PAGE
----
Purchasing furniture can be frustrating as well as exciting for many people. If you're like most of us, when the time comes to make decisions, you begin to have doubts about your choices. This is pretty common with leather furniture. We've gathered up the best leather care tips to help aid you in your leather furniture buying decisions. Have no fear! Make leather furniture purchases with complete confidence.
Leather Furniture Myths Debunked
Leather furniture gets easily damaged by children and pets. No. Your leather furniture is as safe as any other furniture in the house. For an added layer of "piece of mind", you can choose a protected leather for your furniture, which has an extra finish applied to it to make it extra-resilient to potential hazards. There are some dogs that think the couch is their chew toy and some cats that assume it is their scratching post. That is a different issue altogether. The later issue can be resolved by making your own cat repellant spray.
Leather furniture is too cold or too hot. No. You're basing your leather discrimination on your automobile's leather seats in a midwestern environment. Outside is typically either "too cold" or "too hot". Leather furniture indoors will remain pleasantly cool in the summer and warm to your body heat in the winter, with no harsh beginnings as your home usually comfortable inside. Our only tip may be to keep it out of the direct sun. The sun can both heat the leather up and make it uncomfortably hot as well as fade its character.
Leather furniture doesn't last. Negative ghost rider. Leather furniture (if bought at a high quality) is something you purchase for a lifetime. Since leather is a natural product, the process of aging brings out its natural patina. To some, leather furniture may age like a fine wine, bringing out deeper layers of beauty over time. Generally speaking, leather furniture is a sound home investment.
Leather furniture is only for rich people. No. Though leather furniture may look luxurious in many cases, you don't have to be a rock star to outfit your home with it. Even if buying at the top-end of leather furniture, you'll find that it lasts much longer than fabric and be a much better value for your home.
Leather furniture is too hard to care for. No. It's all in routine, just like your other household responsibilities. Leather is very easy to care for. You'll want to use a conditioner every 6-12 months and wipe up spills as they are occurring with a clean cloth. Avoid using abrasive cleaning supplies like soaps, detergents, solvents, etc. These will only leave stains and dry up or damage your leather. Saddle soap? Only for catcher's mitts.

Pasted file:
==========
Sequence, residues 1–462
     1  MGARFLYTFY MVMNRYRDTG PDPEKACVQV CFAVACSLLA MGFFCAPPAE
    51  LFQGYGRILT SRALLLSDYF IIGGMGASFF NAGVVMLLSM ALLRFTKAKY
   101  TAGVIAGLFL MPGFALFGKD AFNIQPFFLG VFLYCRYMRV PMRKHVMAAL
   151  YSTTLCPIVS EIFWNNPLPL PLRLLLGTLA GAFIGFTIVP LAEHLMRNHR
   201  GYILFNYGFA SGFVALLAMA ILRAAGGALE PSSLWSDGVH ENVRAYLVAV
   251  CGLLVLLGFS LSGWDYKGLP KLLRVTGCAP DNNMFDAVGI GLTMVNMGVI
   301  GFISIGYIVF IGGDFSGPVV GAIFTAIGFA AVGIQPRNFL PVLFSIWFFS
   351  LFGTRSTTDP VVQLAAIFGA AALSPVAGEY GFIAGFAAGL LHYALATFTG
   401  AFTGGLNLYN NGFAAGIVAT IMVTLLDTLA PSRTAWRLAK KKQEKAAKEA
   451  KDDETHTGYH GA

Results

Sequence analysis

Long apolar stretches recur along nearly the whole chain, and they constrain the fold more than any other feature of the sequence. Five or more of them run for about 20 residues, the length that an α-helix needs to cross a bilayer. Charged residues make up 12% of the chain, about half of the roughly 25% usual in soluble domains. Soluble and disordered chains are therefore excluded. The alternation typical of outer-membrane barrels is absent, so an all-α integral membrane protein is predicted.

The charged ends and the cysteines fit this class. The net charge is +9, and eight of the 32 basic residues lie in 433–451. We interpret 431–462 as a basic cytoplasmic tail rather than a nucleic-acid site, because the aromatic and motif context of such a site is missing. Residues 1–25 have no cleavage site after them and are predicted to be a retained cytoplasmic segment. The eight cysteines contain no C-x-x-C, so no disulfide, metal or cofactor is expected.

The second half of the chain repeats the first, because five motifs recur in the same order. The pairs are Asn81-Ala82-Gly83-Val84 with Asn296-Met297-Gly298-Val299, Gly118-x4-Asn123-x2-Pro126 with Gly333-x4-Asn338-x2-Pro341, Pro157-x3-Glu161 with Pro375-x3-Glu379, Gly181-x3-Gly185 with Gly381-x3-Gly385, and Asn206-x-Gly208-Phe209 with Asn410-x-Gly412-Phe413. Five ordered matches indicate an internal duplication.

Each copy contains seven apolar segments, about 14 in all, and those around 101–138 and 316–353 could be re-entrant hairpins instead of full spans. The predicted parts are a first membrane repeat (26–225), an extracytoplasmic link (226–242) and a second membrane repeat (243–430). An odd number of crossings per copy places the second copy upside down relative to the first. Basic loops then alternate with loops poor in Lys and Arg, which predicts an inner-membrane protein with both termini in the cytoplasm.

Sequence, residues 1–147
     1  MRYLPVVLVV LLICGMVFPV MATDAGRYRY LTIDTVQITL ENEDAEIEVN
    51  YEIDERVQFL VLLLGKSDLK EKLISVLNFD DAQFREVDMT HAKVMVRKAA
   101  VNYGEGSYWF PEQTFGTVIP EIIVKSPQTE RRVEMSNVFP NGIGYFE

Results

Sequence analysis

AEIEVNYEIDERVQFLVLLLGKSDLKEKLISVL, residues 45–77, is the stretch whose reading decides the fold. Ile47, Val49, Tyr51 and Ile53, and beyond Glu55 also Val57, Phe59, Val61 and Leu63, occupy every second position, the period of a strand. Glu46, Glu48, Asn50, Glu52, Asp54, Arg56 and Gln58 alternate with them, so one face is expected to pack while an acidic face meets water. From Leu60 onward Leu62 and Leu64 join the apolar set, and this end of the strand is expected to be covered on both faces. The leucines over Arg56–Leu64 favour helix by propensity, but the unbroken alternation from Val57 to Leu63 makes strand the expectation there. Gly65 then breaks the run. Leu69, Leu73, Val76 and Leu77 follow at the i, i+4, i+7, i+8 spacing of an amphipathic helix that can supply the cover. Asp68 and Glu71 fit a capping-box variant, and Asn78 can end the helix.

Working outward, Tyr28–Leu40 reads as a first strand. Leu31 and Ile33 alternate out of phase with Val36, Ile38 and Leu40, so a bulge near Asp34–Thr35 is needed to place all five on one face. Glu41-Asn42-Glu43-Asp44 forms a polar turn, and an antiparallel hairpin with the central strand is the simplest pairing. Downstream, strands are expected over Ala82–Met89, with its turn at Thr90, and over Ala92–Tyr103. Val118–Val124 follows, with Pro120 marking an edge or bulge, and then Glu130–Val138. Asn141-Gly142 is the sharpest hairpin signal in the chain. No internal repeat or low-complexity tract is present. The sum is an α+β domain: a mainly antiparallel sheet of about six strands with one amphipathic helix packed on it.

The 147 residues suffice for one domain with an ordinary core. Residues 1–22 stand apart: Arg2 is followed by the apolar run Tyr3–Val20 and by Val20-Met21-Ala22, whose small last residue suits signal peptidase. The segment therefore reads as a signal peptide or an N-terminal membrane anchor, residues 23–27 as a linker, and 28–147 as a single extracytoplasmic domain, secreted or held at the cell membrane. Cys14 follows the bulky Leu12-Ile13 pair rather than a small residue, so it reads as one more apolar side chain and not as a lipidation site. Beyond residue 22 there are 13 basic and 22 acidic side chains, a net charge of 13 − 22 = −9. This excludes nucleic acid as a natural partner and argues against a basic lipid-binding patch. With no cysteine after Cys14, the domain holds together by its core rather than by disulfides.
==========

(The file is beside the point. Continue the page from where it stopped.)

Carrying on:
This brings us to the next section.
Tips & Tricks to Care For Your Leather Furniture
Here are some tips and tricks for keeping your leather furniture beautiful and easily cared for, for many years to come. ** Some leather comes with very specific cleaning and maintenance. Always be sure to consult the manufacturer's recommendations before following this guide.
- In normal living conditions or what the manufacturer may consider normal usage, all that should be necessary to keep your leather furniture in tip-top condition is a regular vacuuming in the crevices and a dry cloth dusting to remove direct and dust build up.
- Purchase a good leather conditioner (your furniture retailer can recommend one). Make good use of it every 6-12 months.
- Like any upholstery material, leather can fade if over-exposed to the sun. Protect your leather furniture from sun, as well as outdoor elements.
Methods of Cleaning Leather Furniture
Just like bleaching your hair using self-tanning spray... always try any cleaning method in a hidden area first. You would hate to turn your plush burgundy office furniture blonde in one vigorous cleaning extravaganza.
For minor spots and spills, wipe up any excess liquid immediately with a blotting sponge or clean absorbent cloth. If necessary, use a lightly moistened soft cloth with clean lukewarm water, and let it air dry naturally. If you're using water, clean the entire area where the spot occurred.
- Do not use soap or soak the stain heavily with water. This may cause more damage than the stain itself.
- Do not use cleaning solvents, furniture polish, oils, varnish, abrasive cleaners, detergent soaps, or ammonia water.
- For butter, oil, or grease stains, wipe off excess with a clean dry cloth, and then leave alone as the spot should dissipate into the leather after a short period of time.
- If the stain persists, it is recommended that a professional leather specialist clean the leather to avoid any potential damage to the leather itself.
- For minor or slight scratches on the surface, use a chamois or clean fingers to gently buff the scratch. If needed, moisten lightly with distilled water to work scratches out.
- Remember that leather is a natural product and requires some care to maintain the natural beauty of the hide.
- For cracks, tears, or punctures seek your local leather furniture restoration service to quickly fix the affected area and keep it from spreading to further damage.
Source: American Leather Furniture
Interior Design & Leather Furniture
Many people can't wrap their head around how to design their space with leather. They begin to feel like their home may be too "woodsy" or too sterile. Understandably, you've probably been to homes or cabins where this is exactly the case. Those are byproducts of home themes, not good spatial advice.
If you feel like your loving that perfect leather furniture and you're now convinced that it's easy to take care of, but you just can't get your interior design thumb flexing, then hire a professional to help in your mission. We defer to a professional Interior Designer in Minneapolis.